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Significant Scots
John Ballentyne


BALLENTYNE, (or Bellenden,) JOHN,—otherwise spelt Ballanden and Ballentyn—an eminent poet of the reign of James V., and the translator of Boece’s Latin History, and of the first five books of Livy, into the vernacular language of his time, was a native of Lothian, and appears to have been born towards the close of the 15th century. He studied at the university of St Andrews, where his name is thus entered in the records: "1508, Jo. Balletyn nae Lau(doniae)." It is probable that he remained there for several years, which was necessary before he could be laureated. His education was afterwards completed at the university of Paris, where he took the degree of Doctor of Divinity; and as has been remarked by his biographer, (Works of Bellenden, I., xxxvii,) "the effects of his residence upon the continent may be traced both in his idiom and language."

He returned to Scotland during the minority of James V., and became attached to the establishment of that monarch as "Clerk of his Comptis." This appears from "the Proheme of the Cosmographe," prefixed to his translation of Boece, in which he says: -

And first occurrit to my remembering,
How that I wes in service with the king;
But to his grace in yeris tenderest,
Clerk of his compts, thoucht I wes indign (unworthy,)
With hart and hand and every other thing
That micht him pleis in my maner best;
Quhill hie invy me from his service kest,
Be thame that had the court in governing,
As bird but plumes heryit of the nest.

The biographer of Ballentyne, above quoted, supposed that he must have been the "Maister Johnne Ballentyne," who, in 1528, was "secretar and servitour" to Archibald Earl of Angus, and in that capacity appeared before parliament to state his master’s reasons for not answering the summons of treason which had been issued against him. We can scarecely, however, reconcile the circumstance of his being then a "Douglas’s man," with the favour he is found to have enjoyed a few years after with James V., whose antipathy to that family was so great as probably to extend to all its connections. However this may be, Ballentyne is thus celebrated, in 1530, as a court poet, by Sir David Lyndsay, who had been in youth his fellow-student at St Andrews, and was afterwards his fellow-servant in the household of the king:

But now of late has start up heastily
A cunning clerk that writch craftily;
A plant of poets, called
Ballenten,
Whose ornate writs my wit cannot define;
Get he into the court authority,
He will precel Quintin and Kenedy.

In 1530 and 1531, Ballentyne was employed, by command of the king, in translating Boece’s History, which had been published at Paris in 1526. The object of this translation was to introduce the king and others who had "missed their Latin," to a knowledge of the history of their country. In the epistle to the king at the conclusion of this work, Ballenden passes a deserved compliment upon his majesty, for having "Dantit this region and brocht the same to sicken rest, gud peace and tranquility; howbeit the same could nocht be done be your gret baronis during your tender age;" and also says, without much flattery, "You nobill and worthy deidis proceeds mair be naturall inclination and active curage, than only gudly persuasioun of assiteries." He also attests his own sincerity, by a lecture to the king on the difference between tyrannical and just government; which, as a curious specimen of the prose composition of that time, and also a testimony to the enlightened and upright character of Ballentyne, we shall extract into these pages:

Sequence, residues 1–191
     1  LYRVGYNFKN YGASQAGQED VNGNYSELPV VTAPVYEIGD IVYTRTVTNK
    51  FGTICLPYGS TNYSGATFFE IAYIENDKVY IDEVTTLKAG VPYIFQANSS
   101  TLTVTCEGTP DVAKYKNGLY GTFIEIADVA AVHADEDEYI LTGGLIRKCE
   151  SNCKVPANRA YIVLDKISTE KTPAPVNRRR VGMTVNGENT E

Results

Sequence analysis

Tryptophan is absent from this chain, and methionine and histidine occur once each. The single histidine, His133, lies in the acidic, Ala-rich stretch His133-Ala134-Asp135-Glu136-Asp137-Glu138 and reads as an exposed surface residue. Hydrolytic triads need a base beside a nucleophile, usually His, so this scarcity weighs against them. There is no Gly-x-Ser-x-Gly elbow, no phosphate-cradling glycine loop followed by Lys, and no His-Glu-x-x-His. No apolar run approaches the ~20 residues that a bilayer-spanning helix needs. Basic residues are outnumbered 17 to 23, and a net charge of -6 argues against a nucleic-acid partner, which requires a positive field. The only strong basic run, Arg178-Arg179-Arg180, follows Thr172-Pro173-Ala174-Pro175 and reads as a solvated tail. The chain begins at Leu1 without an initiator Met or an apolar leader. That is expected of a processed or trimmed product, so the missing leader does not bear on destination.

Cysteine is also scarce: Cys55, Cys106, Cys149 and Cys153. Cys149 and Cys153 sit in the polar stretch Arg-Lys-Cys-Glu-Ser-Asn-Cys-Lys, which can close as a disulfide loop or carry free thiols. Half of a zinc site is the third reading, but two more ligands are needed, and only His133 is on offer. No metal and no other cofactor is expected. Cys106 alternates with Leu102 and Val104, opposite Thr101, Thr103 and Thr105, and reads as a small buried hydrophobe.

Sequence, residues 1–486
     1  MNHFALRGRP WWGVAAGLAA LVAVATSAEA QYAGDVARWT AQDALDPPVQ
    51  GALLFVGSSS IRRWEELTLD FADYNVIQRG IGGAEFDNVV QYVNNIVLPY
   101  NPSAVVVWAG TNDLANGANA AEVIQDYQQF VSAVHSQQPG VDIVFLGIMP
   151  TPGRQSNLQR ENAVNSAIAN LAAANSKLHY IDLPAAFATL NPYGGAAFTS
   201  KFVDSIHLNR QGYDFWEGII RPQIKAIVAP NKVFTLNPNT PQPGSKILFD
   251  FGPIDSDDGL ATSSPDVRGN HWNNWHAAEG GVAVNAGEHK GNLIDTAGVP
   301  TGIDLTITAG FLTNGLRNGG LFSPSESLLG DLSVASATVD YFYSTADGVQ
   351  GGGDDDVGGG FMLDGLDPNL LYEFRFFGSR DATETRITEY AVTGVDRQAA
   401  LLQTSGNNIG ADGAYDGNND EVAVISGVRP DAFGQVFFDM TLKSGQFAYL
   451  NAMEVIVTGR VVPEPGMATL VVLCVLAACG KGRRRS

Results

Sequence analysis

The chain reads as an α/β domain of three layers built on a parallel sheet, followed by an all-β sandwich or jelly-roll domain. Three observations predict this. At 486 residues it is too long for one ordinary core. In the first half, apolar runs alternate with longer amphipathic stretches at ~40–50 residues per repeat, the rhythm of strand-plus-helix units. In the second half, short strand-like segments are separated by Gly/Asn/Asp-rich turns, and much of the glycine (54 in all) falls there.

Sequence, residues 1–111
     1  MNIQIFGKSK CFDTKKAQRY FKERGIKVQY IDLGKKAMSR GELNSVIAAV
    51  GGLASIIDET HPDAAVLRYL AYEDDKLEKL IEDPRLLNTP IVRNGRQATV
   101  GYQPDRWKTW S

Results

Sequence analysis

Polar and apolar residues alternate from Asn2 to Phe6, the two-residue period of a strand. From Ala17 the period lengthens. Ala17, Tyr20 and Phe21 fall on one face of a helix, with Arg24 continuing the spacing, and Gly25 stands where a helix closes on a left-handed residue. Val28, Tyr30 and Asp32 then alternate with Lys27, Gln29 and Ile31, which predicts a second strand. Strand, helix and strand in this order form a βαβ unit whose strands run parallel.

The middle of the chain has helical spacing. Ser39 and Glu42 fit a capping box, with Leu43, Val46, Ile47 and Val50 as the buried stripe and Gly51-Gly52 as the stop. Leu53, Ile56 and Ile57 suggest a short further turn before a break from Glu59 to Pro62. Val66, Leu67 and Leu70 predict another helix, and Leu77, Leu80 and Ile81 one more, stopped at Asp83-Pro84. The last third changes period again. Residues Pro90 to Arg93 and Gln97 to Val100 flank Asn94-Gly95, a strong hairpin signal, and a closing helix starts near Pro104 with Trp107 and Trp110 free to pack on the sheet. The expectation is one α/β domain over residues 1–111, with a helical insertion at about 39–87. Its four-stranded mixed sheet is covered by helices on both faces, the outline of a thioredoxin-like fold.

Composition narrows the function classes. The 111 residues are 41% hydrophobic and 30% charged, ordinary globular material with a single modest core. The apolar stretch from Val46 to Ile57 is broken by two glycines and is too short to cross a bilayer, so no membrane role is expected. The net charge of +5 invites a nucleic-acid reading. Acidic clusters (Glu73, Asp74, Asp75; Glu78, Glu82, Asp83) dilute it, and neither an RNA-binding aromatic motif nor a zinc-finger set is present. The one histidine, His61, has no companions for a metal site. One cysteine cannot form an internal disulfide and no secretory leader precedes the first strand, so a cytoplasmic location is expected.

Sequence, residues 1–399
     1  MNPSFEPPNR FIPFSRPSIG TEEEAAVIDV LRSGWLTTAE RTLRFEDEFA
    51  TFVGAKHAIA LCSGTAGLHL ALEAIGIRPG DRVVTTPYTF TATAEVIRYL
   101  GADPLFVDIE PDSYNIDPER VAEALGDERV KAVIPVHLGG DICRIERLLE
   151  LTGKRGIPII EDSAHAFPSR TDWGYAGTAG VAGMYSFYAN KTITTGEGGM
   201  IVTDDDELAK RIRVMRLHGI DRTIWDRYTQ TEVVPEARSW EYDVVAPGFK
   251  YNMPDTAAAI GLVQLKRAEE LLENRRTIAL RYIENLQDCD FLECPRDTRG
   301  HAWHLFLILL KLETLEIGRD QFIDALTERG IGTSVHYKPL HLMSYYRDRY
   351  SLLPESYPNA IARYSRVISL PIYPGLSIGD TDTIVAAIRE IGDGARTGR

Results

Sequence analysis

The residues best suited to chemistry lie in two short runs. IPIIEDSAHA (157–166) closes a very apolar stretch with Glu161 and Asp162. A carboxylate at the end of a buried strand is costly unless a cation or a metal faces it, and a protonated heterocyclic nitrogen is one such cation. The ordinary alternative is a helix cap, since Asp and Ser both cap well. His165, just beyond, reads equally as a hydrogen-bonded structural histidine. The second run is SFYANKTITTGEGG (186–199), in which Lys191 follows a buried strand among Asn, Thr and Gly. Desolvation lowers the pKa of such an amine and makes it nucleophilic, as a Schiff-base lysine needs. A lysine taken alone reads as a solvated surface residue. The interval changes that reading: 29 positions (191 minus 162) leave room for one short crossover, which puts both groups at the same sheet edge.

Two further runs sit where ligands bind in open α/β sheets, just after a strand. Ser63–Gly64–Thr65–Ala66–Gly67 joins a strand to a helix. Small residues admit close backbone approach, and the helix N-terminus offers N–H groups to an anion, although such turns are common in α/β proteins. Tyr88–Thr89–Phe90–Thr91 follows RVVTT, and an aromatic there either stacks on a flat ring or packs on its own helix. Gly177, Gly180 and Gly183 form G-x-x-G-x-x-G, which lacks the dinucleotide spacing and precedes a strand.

"As Seneca says in his tragedeis, all ar nocht kingis that bene clothit with purpure and dredoure, but only they that sekis na singulare proffet, in dammage of the commonweill; and sa vigilant that the life of their subdetis is mair deir and precious to them than thair awin life. Ane tyrane sekis riches; ane king sells honour, conquest he virtew. Ane tyrane governis his realmis he slauchter, dredoure, and falset; ane king gidis his realme be prudence, integrite, and favour. Ane tyrane suspeckis all them that hes riches, gret dominioun, auctorite, or gret rentis; ane king haldis sic men for his maist helply friendis. Ane tyrane luffis nane bot vane fleschouris, vicious and wicket lyminaris, be quhais counsall he rages in slauchter and tyranny; ane king laffis men of wisdom, gravite, and science; knawing weill that his gret materis maybe weill dressit be thair prudence. Treuth is that kingis and tyrannis hes mony handis, mony ene, and mony mo memberis. Ane tyrane sets him to be dred; ane king to be luffet. Ane tyrane rejoises to mak his pepill pure; ane king to mak thame riche. Ane tyrane draws his pepill to sindry factiones, discord, and hatrent; ane king maks peace, tranquillite, and concord; knawing nothing sa dammagious as division amang his subdittis. Ane tyrane confounds all divine and hummane lawis; ane king observis thaime, and rejoises in equite and justice. All thir properteis sal be patent, in reding the livis of gud and evil kingis, in the history precedent."